What a weird time we are living through.
It’s been difficult to pause my brain and not expect to make any progress. Some of my gigs have dried up a bit and money has flowed out of my account faster than usual. Weird and stressful, indeed.
My significant other recently got the green light that he is approved for disability so we can breath GIGANTIC sighs of relief that we will have definitely have two incomes moving forward from here. Living on one in the midst of a pandemic is no bueno.
So, that being said, I’ve decided to rethink my budget and the things I pay for. I have long been frustrated by bloggers who “PAID OFF $80K IN 24 MONTHS!” or similarly paid off “$16K in ONE YEAR on a $31k salary!” Of course people will want to know your story with a title like that. I believe if you are going to put that out there, you should put all of the details there as well. Tell us what you paid every month, how you paid it, how much you make, where you made cuts, how you got creative. That’s the only way you can really help other people on a similar journey.
I’ve been reading such blogs for a few weeks now. Unfortunately, none of them have really spelled out how they were able to pay off such extraordinary debt sums in such short amounts of time. I can only guess that they had higher incomes and spent more lavishly before they decided to tighten up.
These type of stories are unhelpful to me because I don’t have a high income. I also don’t spend extravagantly to begin with so all of the advice to cut the “extras” don’t really apply. There isn’t much “extra” to trim.
So, I’ve decided to apply a couple of tactics I have pulled from a couple of these stories and decided to reevaluate every line in my budget. What can I cut? What can be optimized? How can I do this better?
Here’s my starting point:
Netflix: $6 (family plan)
Cell phones: $167
Health insurance: $127
CC minimums: $116
Discover loan: $369
Car insurance: $220
These are the bills that I am personally responsible for in my household. My s.o. pays the mortgage, his own gas, his health insurance, the lawn people, and the electric bill. I realize everyone has a different set up and that’s why I’ve decided to spend more time thinking about how to optimize all of this for our lifestyle. You must make it fit for your life.
This list does not include any fun spending or taxes/retirement/savings. I also set aside $250 a month for taxes (as I am a gig worker extraordinaire) and $100 for retirement savings.
I sat down on several different days to determine how to come up with approximately $2500. This would pay all of the bills, allow me to set aside the tax amount, save a little for retirement, put some into a regular savings account and have a little fun money.
I built a schedule around all of my gigs on a weekly and monthly basis. I have found that both of these timelines are helpful as I can have an idea of whether I am on track or not but also see that I have the entire month to hit the goals if one week falls short.
I teach English online with two different companies (EF and VIPKid), walk/host dogs on Rover, sell on eBay/Poshmark, and deliver orders via Grubhub and Doordash. For the time being, I am not delivering orders and am instead focusing on things I can do from home while sheltering at home.
If I can check these boxes, I can hit that $2500 goal. Anything beyond these numbers would be extra to go into savings or debt payoff.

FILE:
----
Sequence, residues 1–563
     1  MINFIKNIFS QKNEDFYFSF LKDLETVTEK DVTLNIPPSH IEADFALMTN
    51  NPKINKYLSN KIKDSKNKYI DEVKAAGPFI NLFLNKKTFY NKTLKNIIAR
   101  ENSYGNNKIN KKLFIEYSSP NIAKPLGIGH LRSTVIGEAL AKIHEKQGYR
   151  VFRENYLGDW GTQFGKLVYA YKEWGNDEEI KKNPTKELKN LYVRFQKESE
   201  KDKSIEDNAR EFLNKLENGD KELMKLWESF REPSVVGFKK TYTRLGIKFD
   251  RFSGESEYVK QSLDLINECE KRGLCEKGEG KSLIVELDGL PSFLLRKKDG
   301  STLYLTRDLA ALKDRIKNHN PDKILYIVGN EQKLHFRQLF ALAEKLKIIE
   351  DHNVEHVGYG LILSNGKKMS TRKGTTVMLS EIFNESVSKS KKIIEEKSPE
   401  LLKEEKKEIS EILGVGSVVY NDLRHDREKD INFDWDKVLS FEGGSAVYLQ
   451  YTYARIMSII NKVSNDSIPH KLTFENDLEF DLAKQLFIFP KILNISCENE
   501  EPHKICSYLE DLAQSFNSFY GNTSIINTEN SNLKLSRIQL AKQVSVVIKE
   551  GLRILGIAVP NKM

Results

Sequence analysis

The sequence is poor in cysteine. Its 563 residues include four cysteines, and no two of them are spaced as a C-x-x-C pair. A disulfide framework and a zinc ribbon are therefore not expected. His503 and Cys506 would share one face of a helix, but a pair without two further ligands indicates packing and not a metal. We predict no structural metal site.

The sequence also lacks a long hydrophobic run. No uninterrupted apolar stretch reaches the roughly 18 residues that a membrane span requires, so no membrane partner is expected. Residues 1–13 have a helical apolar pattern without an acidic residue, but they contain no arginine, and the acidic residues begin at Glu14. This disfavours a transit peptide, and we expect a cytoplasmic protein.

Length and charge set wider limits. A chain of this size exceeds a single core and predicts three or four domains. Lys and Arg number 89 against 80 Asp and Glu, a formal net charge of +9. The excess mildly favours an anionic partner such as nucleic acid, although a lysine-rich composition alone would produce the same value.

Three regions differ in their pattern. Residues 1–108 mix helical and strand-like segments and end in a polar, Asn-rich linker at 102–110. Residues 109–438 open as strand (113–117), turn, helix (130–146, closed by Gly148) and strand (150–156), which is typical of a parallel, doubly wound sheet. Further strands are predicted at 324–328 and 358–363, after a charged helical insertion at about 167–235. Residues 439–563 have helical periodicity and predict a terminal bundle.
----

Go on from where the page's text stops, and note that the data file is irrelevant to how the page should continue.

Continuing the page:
92 VIPKid clases
80 EF classes
8 Rover walks
$500 on eBay/Poshmark
This is a reasonable schedule for me to keep up with that allows me to take weekends off. Next, I brainstormed ways to cut back.
I decided to follow Jordan’s (of Fun Free or Cheap) concept of budgeting weekly. I also used her baseline for groceries/household spending ($300 for 2 people) and cut it back a bit more aggressively to $250. She also includes dog food in her grocery budget but we have 3 dogs and we just couldn’t make that work.
I also cut a larger bill (that Discover loan) into weekly payments as well. I canceled the automatic lump sum payment and I’ve instead been paying 1/4 payment each week. I anticipate saving on interest and accelerating the payoff this way too.
We were fortunate to have some extra money come in from a lawsuit that’s been pending for years. We used some of that money to pay off our cell phones last week. I switched us from Verizon to Mint Mobile and expect to pay $30 a month instead of $167 in the coming months.
My car insurance renewal amount is lower for the coming period because we have driven so little in recent months. My s.o. hasn’t been working outside the home for the last several months and the shelter at home orders have kept us at home as well. I’ve also inquired about changing the status of one of our vehicles to a secondary car since it is driven very little. I’m waiting to hear if this will further reduce the premiums.
I’ve lowered the gas allowance a bit (although it’s still higher than it probably needs to be), and expect to have extra in that category each month. I always project higher than I think I will need so that I will have the wiggle room if it it turns out that I do need it.
The revised budget now looks like:
Cell phones: $30
Health insurance: $127
CC minimums: $116
Discover loan: $369 ($92.25 x4)
Car insurance: $195
= $1171 (+$162)
Total: $1693 (+$280)
I anticipate having extra leftover funds in the gas budget (especially while we continue to shelter at home) and am waiting to see if Trim was able to apply a discount to my internet bill.
Now that $2500 can cover all of the bills, pay the taxes, save for retirement, go into savings, buy some fun things, AND pay extra towards debt payoff.
I plan to show how I’m tracking income, debt payoff, and new ways to save in the coming weeks. I couldn’t find a blog with the total transparency I was looking for, so I’m going to create it.
Here’s to progress moving forward!